Greater allocation of spectrum for Mobile Broadband is vital for the economic and social development of sub-Saharan Africa, commented the GSMA.
New findings from a report by the GSMA and Plum Consulting reveal that, across the region, the release of Mobile Broadband spectrum in the Digital Dividend and the 2.6GHz bands by 2015 in sub-Saharan Africa could create up to 27 million new jobs, increase GDP per capita by 5.2 per cent, and increase GDP and government tax revenues by US$82 billion and US$18 billion per year respectively by 2025.
Mobile voice and SMS services have made major economic contributions to sub-Saharan Africa over the past decade and accounted for 3.5 per cent of regional GDP by 2010.
While the effects of broadband internet access are just beginning to be felt across the region, its importance has been recognised by the UN Broadband Commission for Digital Development which has set a global broadband challenge “to ensure that 40 per cent of households in developing countries are using broadband internet by 2015.”
In sub-Saharan Africa, the lack of fixed line telecom infrastructure means that Mobile Broadband services will be essential in achieving this target.
The GSMA expects that there will be 240 million Mobile Broadband connections in sub-Saharan Africa by 2015, compared to just 4 million fixed broadband connections.
The GSMA is therefore calling on countries across the region, including Ghana, Kenya, Nigeria, Senegal, South Africa and Tanzania, to urgently release harmonised spectrum for Mobile Broadband. This will expand the reach and availability of affordable broadband services and help realise significant economic and human development gains for sub-Saharan Africa.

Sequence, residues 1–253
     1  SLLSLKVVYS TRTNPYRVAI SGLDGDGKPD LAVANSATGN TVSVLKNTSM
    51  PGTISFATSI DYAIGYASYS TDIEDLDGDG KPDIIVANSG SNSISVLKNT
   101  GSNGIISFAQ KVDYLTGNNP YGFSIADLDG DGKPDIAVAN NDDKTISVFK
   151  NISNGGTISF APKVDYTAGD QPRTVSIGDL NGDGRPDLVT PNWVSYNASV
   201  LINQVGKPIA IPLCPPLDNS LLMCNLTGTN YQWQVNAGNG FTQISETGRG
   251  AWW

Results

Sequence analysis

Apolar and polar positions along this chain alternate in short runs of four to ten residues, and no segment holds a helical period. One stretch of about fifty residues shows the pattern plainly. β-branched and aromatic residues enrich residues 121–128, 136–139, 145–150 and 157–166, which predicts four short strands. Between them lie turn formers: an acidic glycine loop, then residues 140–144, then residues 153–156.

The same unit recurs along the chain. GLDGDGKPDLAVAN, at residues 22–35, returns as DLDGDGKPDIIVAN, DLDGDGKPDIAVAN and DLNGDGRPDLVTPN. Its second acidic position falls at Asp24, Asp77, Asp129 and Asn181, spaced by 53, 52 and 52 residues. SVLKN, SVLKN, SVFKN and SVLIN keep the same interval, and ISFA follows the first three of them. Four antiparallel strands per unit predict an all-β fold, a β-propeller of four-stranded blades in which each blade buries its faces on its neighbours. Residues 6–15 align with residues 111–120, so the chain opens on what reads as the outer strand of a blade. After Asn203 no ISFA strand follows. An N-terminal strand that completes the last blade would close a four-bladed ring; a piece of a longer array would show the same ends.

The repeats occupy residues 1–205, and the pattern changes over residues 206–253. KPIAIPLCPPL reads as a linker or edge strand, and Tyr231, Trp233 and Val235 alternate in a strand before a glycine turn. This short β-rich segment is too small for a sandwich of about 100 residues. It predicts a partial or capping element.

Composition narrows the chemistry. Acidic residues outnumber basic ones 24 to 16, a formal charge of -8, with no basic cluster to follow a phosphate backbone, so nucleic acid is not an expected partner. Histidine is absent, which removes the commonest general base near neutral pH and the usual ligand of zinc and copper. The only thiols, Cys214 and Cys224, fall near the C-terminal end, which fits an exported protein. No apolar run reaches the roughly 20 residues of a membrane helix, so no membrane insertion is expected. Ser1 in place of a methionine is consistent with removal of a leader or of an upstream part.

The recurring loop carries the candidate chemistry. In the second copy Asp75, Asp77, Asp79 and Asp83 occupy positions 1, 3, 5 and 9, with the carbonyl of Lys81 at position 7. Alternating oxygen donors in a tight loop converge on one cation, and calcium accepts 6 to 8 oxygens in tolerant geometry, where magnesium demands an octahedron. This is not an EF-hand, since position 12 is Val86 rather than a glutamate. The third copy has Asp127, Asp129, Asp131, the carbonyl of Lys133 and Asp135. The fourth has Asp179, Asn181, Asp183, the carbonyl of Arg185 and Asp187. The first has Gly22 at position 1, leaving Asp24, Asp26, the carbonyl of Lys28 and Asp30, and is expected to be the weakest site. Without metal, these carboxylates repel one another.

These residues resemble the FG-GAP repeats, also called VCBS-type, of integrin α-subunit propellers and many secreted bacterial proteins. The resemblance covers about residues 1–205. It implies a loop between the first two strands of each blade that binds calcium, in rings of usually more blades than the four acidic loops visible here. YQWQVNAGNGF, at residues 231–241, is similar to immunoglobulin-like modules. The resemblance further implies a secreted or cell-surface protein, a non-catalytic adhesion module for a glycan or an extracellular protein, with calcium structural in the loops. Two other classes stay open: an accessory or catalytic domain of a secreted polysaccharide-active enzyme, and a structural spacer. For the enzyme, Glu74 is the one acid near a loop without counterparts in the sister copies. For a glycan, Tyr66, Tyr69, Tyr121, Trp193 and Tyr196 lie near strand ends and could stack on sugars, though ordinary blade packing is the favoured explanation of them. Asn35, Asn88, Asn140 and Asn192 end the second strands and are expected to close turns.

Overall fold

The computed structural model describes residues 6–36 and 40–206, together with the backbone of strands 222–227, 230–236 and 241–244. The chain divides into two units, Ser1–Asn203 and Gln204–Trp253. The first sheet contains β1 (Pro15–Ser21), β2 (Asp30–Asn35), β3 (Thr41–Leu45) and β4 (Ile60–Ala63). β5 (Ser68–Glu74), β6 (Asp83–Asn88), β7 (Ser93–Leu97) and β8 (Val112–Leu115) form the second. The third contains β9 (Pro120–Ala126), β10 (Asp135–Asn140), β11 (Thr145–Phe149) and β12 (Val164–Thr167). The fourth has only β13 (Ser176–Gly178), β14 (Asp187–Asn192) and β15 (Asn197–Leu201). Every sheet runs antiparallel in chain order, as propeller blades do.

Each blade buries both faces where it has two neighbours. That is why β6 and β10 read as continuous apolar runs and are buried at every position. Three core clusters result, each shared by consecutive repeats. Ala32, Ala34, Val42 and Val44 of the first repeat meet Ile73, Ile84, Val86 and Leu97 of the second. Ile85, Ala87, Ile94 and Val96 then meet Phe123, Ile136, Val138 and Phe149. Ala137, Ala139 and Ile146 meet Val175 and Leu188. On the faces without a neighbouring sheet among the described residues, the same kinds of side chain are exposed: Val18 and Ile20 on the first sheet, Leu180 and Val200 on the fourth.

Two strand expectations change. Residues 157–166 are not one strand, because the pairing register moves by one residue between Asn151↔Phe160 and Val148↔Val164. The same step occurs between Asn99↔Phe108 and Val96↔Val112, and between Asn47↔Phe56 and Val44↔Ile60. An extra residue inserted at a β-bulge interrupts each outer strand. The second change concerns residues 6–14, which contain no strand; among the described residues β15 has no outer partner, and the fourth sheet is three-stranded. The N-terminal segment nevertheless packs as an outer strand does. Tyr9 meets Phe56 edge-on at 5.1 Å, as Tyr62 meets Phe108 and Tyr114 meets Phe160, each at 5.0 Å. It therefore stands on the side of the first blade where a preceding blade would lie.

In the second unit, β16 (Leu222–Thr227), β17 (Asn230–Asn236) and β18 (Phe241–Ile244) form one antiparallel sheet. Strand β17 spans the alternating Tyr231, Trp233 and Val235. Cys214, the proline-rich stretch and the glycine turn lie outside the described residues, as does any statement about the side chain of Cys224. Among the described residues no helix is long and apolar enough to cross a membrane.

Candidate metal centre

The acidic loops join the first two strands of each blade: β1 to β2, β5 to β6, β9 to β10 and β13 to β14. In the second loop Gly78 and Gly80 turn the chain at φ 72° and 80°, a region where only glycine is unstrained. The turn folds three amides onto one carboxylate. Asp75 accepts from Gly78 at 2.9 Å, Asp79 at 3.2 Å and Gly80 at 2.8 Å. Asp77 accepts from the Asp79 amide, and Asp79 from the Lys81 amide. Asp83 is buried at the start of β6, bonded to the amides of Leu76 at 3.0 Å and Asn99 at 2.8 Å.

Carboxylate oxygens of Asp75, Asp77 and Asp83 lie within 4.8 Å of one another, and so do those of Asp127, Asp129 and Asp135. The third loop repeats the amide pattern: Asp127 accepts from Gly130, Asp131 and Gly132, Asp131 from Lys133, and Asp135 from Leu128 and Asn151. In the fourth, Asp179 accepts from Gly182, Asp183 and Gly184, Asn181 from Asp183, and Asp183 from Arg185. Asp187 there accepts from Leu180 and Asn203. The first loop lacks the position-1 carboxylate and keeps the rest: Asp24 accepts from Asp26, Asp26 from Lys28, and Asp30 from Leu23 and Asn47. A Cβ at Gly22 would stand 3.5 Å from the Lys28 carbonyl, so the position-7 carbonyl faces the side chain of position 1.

“African governments must act now to release much-needed spectrum for Mobile Broadband services if they are to meet the UN’s 40 per cent broadband target,” said Peter Lyons, Director of Spectrum Policy, Africa and Middle East, GSMA. “Increased spectrum will lower the cost of mobile devices, improve speed of data communication, and ultimately help nearly 40 million Africans escape poverty.”
By licensing spectrum in the Digital Dividend and the 2.5GHz bands for Mobile Broadband, governments in the region have the opportunity to increase total spectrum available by approximately 70 per cent. In particular, the Digital Dividend band, which is currently used for analogue television broadcasting, offers widespread mobile broadband coverage in rural areas and improved indoor penetration in urban areas. In rural areas alone, the Digital Dividend band could deliver Mobile Broadband service to between 40 to 80 per cent of the population.
Lyons continued: “If governments in sub-Saharan Africa allocate more spectrum for Mobile Broadband over a 10-year period from 2015, this would result in US$235 billion of additional GDP and US$50 billion in additional tax revenues. However, if the release of spectrum is delayed by five years, then these benefits would fall to US$50 billion in additional GDP, and US$10 billion in additional tax revenue. Action is required now to secure the future connectivity and economic empowerment of Africa’s citizens.”